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  • The Lives of Robert Ryan by J.R. Jones
  • Bernard F. Dick
The Lives of Robert Ryan. J.R. Jones. Middletown, CT.: Wesleyan University Press. 2015. 376 pages. ISBN 978–0-8195–7372-8

The title is not a misprint. Robert Ryan was a stage, screen, and television actor; a political activist and a lifelong Democrat, who stumped for Helen Gahagan Douglass in 1950 when she ran for the Senate. Douglass was pitted against Richard Nixon, who vilified her as a Communist sympathizer and won 59 percent of the popular vote. In 1952, Ryan campaigned—again unsuccessfully—for Adlai Stevenson, the Democratic presidential candidate, who was roundly defeated by Dwight D. Eisenhower. Ryan saw greatness in losers, whether in politics or in film. He identified with the washed up boxer in Robert Wise's The Set-Up (1949), who is suckered into a fixed fight and pays the price for playing by the rules. He understood Deke Thornton in Sam Peckinpah's The Wild Bunch,(1969), a bounty hunter, who knows that the Old West has receded into myth but chooses to keep the myth alive elsewhere, realizing that stasis is just another form of death. Ryan himself was a survivor. Although he spent a decade (1942–52) at RKO, he sensed in the early 1950s that the future lay in multi-picture deals or freelancing; Ryan did both. He was, to use the cliché, a working actor, and found time to return periodically to the theatre, where he began his career. His first love was Shakespeare. As a teenager, he memorized Hamlet, although he never played the melancholy Dane. He did, however, play Coriolanus off Broadway in 1954 and costarred with Katharine Hepburn in Antony and Cleopatra at the American Shakespeare Festival Theatre in Stratford, Connecticut in 1960. Other classic roles followed: Hector in Jean Giraudoux' Tiger at the Gates (1957), Thomas à Becket in T.S. Eliot's Murder in the Cathedral (1960), and James Tyrone in Eugene O'Neill's Long Day's Journey into Night, with Geraldine Fitzgerald as the [End Page 90] morphine-addicted Mary Tyrone in 1971. For a nonsinger, he did reasonably well in Irving Berlin's last musical, Mr. President (1962), returning to Broadway twenty years after he made his New York debut in a minor role in Clifford Odets's Clash By Night (1941), little knowing that a decade later he would be playing opposite Barbara Stanwyck in the movie version. Mr. President was the only time I ever saw Ryan on the stage. He seemed to be having a good time, even though he had never appeared in a musical before. Berlin gave him the climactic number, in which Ryan extolled the greatness of America in lyrics that one would expect from the composer of "God Bless America." When Ryan got to the last verse—"If this is flag waving, flag waving/Can you think of a better flag to wave?"—he was so convincing that you had to fight against being manipulated by such jingoism. I regret having missed the 1969 Broadway revival of Ben Hecht and Charles MacArthur's The Front Page in which Ryan's character, Walter Burns, delivers the famous curtain line, "The son of a bitch stole my watch."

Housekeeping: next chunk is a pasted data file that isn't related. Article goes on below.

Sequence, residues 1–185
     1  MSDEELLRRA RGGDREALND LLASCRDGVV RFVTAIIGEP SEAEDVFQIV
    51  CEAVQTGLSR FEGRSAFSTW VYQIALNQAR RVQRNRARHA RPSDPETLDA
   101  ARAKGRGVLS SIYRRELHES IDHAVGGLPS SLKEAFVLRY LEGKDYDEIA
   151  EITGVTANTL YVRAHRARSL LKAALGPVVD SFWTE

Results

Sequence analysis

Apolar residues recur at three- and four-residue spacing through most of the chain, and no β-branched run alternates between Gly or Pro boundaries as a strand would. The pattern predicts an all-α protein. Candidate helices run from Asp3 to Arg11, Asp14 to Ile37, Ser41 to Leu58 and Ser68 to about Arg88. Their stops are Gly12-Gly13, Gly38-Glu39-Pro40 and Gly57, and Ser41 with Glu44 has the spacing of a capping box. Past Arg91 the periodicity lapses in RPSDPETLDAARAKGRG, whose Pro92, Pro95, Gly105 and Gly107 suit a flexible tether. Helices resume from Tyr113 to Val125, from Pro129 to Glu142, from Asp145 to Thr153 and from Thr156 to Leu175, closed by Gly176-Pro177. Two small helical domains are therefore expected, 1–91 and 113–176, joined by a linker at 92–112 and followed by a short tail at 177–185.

Jones offers a highly readable and impeccably researched biography of his elusive subject, who, like humankind in general, is a "mingled yarn," to quote Ryan's favorite playwright in All's Well That Ends Well. From his rugged looks, one could easily see how he became a star boxer and football player at Dartmouth. But modeling underwear as well? That too, plus working as a sandhog and shipping out to South Africa as a sailor. Finally, Ryan knew what he wanted to do and enrolled at the Max Reinhardt School of the Theater in Los Angeles where he met his future wife, Jessica. Although he was not a pacifist like his wife, he grew to hate war while he was a drill instructor in the Marines during World War II after it dawned on him that some of the men he was training to kill would themselves be killed. Ryan was a family man but...


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